Daniel Tisch, Financial Post
Across the nation and around the world, executives are reworking their marketing and communications plans and budgets for 2009 — a tricky task in uncertain economic times.
Planning requires forecasting, and forecasting has never seemed so difficult. With massive, often-daily swings in capital markets, accurate valuations are elusive. The costs of doing business seem equally unpredictable. Few executives are accustomed to an environment where the value of the Canadian dollar moves almost 20% — and the price of fuel moves more than 30% — within a few weeks.
Public relations consultants have a valuable perspective from which to survey today’s business landscape. Because we have multiple clients in multiple sectors, we see a wide range of approaches to planning. And because our business involves representing clients to their publics, we watch consumer and investor opinion carefully.
Based on these observations, and on extensive discussions with Canadian and international industry peers, we see three broad approaches that separate leaders from the pack: – Build brands by being bold — but nimble In challenging times, executives divide into three categories: the uncertain, the timid and the bold. The timid pare back marketing budgets to cut costs. The uncertain succumb to paralysis, using today’s environment as a reason to postpone critical decisions. The bold see their competitors’ timidity and uncertainty as an opportunity to grab market share.
Being bold need not mean spending a lot of money, or taking excessive risks. Smart marketers look for “bang for the buck.” They choose strategies that are nimble and scalable, and use channels to market that are high in creativity, high in credibility, and yet modest in cost.
For example, a paid media campaign requires a substantial investment, an early commitment and a long planning cycle. An earned media program (promoting a company’s ideas, products or services to journalists) or a social media campaign (using Internet or mobile technologies to share and discuss information) can often be developed and deployed within days. Promoting a product, program or cause by securing an unforgettable media photo opportunity — or having a CEO launch a blog or deliver a speech with a compelling, unique and newsworthy point of view — costs far less than traditional marketing tactics, with a potentially powerful impact. – Build reputation through relationships. In challenging times, business leaders must rethink their interactions with their publics. The smart ones make communications a two-way street, not one riddled with blind spots and stop signs.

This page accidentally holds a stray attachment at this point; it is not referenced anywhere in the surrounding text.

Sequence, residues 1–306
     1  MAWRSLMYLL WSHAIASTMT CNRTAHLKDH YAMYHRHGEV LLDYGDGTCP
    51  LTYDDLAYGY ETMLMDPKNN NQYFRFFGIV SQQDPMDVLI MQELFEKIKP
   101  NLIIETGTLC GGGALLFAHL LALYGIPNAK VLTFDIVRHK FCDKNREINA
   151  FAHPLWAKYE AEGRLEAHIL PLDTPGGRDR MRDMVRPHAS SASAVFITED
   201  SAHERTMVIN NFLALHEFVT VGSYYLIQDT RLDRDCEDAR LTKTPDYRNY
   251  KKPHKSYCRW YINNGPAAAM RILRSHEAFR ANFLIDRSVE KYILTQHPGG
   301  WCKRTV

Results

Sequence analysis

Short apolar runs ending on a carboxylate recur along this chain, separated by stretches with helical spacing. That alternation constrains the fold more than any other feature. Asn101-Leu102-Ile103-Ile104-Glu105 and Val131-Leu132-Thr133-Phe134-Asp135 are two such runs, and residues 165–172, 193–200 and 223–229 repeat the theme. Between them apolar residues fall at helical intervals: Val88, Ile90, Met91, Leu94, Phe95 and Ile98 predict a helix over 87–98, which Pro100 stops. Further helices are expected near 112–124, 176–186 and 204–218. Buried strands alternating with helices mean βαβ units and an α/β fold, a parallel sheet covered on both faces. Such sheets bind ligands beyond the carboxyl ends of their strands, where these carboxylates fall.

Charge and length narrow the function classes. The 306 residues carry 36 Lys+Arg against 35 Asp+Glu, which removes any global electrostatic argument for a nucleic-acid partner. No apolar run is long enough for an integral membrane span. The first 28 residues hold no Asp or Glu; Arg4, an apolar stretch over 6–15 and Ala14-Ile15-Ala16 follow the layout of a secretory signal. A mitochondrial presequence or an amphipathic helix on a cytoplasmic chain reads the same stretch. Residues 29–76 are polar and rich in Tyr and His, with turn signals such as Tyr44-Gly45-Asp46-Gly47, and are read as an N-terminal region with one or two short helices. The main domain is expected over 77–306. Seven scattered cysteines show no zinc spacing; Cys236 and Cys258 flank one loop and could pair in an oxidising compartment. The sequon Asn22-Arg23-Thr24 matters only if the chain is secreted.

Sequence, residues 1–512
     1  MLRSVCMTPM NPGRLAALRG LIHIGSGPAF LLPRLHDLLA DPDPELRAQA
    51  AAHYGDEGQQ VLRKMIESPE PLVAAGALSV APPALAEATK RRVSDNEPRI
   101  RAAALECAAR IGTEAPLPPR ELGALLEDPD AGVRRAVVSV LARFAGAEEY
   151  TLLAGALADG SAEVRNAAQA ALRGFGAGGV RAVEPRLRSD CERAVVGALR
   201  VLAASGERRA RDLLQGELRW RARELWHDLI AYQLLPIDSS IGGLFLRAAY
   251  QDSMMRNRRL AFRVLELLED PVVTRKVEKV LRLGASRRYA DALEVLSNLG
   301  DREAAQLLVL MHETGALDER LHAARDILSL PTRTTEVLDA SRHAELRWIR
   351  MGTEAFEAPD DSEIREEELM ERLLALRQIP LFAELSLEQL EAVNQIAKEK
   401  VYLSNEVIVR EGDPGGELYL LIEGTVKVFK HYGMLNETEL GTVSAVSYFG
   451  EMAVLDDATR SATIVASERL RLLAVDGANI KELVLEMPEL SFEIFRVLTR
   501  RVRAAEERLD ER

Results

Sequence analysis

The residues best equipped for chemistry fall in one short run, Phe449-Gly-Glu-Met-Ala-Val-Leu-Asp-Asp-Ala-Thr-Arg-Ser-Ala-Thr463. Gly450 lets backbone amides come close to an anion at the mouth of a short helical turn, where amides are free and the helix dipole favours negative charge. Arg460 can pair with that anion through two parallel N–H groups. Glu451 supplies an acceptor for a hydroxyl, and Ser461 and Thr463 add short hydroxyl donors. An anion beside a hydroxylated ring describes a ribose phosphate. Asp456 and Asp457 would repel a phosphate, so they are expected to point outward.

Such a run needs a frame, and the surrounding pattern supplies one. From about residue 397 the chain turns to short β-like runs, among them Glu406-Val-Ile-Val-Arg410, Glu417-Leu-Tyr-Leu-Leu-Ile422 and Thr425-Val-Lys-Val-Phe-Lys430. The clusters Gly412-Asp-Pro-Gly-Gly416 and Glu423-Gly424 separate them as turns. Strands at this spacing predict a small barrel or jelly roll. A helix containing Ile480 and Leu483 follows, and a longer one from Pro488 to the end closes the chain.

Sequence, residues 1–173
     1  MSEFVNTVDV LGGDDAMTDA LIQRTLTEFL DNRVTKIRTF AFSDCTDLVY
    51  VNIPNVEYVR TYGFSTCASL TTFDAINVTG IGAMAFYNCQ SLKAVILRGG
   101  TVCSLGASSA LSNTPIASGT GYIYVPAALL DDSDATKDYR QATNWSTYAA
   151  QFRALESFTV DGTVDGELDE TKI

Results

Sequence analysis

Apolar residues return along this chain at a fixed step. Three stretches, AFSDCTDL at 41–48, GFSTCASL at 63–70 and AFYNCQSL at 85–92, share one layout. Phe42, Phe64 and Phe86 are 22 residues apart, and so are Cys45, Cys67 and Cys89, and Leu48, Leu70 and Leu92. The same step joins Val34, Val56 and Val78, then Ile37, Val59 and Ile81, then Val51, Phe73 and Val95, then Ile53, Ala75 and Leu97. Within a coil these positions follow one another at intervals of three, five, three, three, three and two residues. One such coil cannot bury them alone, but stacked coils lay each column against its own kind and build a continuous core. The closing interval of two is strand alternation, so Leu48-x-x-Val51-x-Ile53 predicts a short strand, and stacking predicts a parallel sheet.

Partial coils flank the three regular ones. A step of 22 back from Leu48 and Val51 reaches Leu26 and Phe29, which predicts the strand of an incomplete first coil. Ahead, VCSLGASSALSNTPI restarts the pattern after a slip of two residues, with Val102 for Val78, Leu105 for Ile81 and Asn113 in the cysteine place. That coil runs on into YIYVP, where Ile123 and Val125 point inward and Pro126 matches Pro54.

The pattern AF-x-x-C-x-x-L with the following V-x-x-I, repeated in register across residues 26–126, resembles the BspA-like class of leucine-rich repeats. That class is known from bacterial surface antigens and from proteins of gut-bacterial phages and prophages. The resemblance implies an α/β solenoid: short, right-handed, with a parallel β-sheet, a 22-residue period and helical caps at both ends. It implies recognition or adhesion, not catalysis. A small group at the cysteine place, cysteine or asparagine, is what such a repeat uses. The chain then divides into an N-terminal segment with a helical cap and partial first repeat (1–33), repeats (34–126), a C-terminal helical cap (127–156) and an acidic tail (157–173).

Uncertain executives neglect communications with key audiences such as consumers, investors, employees and third-party stakeholders, on the grounds that they are “not yet ready.” Timid executives say little, restricting themselves to one-way, outbound-only communications, not wanting to invite scrutiny or court controversy. Bold executives realize that when an organization has anxious, uncertain or even angry publics, robust two-way communications are more critical than ever in preserving and strengthening the corporate reputation that underlies every brand. They communicate actively and provide audiences with feedback mechanisms. In doing so, they differentiate their companies and understand their publics better. – Be creative but consistent Making a budget or plan is about making choices. Uncertain executives will postpone those choices, or perhaps store up resources for “one big splash” later in the year. Timid ones will focus marketing resources only on the products that generate the most cash in the short term, neglecting the products of the future.
Here, too, bold executives can differentiate themselves in difficult times. Yes, they may weigh their investment toward the short-term winners, but they will not neglect the bigger picture or the longer-term. A good rule of thumb is to begin with public relations, and follow with advertising. Many smart marketers focus their limited advertising dollars on their most established products. However, since public relations budgets are typically 10% to 15% of marketing budgets, these dollars can go much further. The PR budget can therefore be spread between the promotion of linchpin brands, emerging or strategic brands, and overall corporate reputation.
In an age of short attention spans, communications and marketing should never go dark. If an organization does not lead its audiences with education and information, its competitors will fill the vacuum. Smart executives know this.